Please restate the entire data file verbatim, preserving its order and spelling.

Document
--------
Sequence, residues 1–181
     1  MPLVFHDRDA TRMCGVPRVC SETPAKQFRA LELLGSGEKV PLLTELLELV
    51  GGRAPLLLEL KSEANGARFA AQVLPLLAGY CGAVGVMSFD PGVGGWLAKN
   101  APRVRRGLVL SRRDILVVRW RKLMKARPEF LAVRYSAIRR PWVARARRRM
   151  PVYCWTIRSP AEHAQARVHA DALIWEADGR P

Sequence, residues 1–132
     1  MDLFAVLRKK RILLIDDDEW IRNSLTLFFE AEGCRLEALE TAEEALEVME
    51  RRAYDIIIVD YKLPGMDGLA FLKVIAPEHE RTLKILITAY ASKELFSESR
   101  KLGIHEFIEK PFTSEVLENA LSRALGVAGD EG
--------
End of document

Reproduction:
Sequence, residues 1–181
     1  MPLVFHDRDA TRMCGVPRVC SETPAKQFRA LELLGSGEKV PLLTELLELV
    51  GGRAPLLLEL KSEANGARFA AQVLPLLAGY CGAVGVMSFD PGVGGWLAKN
   101  APRVRRGLVL SRRDILVVRW RKLMKARPEF LAVRYSAIRR PWVARARRRM
   151  PVYCWTIRSP AEHAQARVHA DALIWEADGR P

Sequence, residues 1–132
     1  MDLFAVLRKK RILLIDDDEW IRNSLTLFFE AEGCRLEALE TAEEALEVME
    51  RRAYDIIIVD YKLPGMDGLA FLKVIAPEHE RTLKILITAY ASKELFSESR
   101  KLGIHEFIEK PFTSEVLENA LSRALGVAGD EG